Review Illustration Capsule 7.1, “Walgreens Boots Alliance, Inc.: Entering Foreign Markets via Alliance Followed by Merger,” found in Part 1 of your textbook. Compare and contrast the examples of international strategic alliances that are illustrated.
Include at least one properly formatted APA citation of your textbook, Crafting & Executing Strategy, to support the rationale of your post and potentially earn full credit.
ILLUSTRATION CAPSULE 7.1 Walgreens Boots Alliance, Inc.: Entering Foreign Markets via Alliance Followed by Merger
Walgreens pharmacy began in 1901 as a single store on the South Side of Chicago and grew to become the largest chain of pharmacy retailers in America. Walgreens was an early pioneer of the “self-service” pharmacy and found success by moving quickly to build a vast domestic network of stores after the Second World War. This growth-focused strategy served Walgreens well up until the beginning of the 21st century, by which time it had nearly saturated the U.S. market. By 2014, 75 percent of Americans lived within five miles of a Walgreens. The company was also facing threats to its core business model. Walgreens relies heavily on pharmacy sales, which generally are paid for by someone other than the patient, usually the government or an insurance company. As the government and insurers started to make a more sustained effort to cut costs, Walgreens’s core profit center was at risk. To mitigate these threats, Walgreens looked to enter foreign markets.
Walgreens found an ideal international partner in Alliance Boots. Based in the UK, Alliance Boots had a global footprint with 3,300 stores across 10 countries. A partnership with Alliance Boots had several strategic advantages, allowing Walgreens to gain swift entry into foreign markets as well as complementary assets and expertise. First, it gave Walgreens access to new markets beyond the saturated United States for its retail pharmacies. Second, it provided Walgreens with a new revenue stream in wholesale drugs. Alliance Boots held a vast European distribution network for wholesale drug sales; Walgreens could leverage that network and expertise to build a similar model in the United States. Finally, a merger with Alliance Boots would strengthen Walgreens’s existing business by increasing the company’s market position and therefore bargaining power with drug companies. In light of these advantages, Walgreens moved quickly to partner with and later acquire Alliance Boots and merged both companies in 2014 to become Walgreens Boots Alliance. Walgreens Boots Alliance, Inc. is now one of the world’s largest drug purchasers, able to negotiate from a strong position with drug companies and other suppliers to realize economies of scale in its current businesses.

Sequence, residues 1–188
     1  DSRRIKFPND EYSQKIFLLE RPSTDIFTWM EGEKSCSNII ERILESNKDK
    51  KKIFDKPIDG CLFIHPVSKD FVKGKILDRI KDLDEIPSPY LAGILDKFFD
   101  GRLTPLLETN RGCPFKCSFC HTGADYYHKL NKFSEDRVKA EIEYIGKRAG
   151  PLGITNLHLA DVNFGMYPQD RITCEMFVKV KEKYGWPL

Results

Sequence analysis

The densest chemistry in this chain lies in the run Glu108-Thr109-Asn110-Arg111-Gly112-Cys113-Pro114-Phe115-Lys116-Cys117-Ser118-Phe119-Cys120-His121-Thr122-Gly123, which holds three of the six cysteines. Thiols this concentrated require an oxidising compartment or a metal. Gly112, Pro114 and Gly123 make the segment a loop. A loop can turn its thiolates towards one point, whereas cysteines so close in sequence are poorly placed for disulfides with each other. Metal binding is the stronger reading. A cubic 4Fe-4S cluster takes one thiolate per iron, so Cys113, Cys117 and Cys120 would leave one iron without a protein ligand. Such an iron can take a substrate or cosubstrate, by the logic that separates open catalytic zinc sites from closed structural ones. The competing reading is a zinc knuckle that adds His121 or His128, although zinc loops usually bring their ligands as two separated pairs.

The market has thus far responded favorably to the merger. Walgreens Boots Alliance’s stock has more than doubled in value since the first news of the partnership in 2012. However, the company is still struggling to integrate and faces new risks such as currency fluctuation in its new combined position. Yet as the pharmaceutical industry continues to consolidate, Walgreens is in an undoubtedly stronger position to continue to grow in the future thanks to its strategic international acquisition.
Note: Developed with Katherine Coster.
Sources: Company 10-K Form, 2015, investor.walgreensbootsalliance.com/secfiling.cfm?filingID=1140361-15-38791&CIK=1618921; L. Capron and W. Mitchell, “When to Change a Winning Strategy,” Harvard Business Review, July 25, 2012, hbr.org/2012/07/when-to-change-a-winning-strat; T. Martin and R. Dezember, “Walgreen Spends $6.7 Billion on Alliance Boots Stake,” The Wall Street Journal, June 20, 2012.